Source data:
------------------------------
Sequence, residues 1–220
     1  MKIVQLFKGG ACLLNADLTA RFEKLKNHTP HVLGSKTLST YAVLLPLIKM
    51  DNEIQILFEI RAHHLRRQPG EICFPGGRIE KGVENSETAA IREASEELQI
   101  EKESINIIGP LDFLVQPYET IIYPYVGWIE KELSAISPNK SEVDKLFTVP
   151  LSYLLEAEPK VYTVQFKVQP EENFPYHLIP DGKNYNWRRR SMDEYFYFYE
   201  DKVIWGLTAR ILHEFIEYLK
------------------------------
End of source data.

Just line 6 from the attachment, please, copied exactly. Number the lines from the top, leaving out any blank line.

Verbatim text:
   201  DKVIWGLTAR ILHEFIEYLK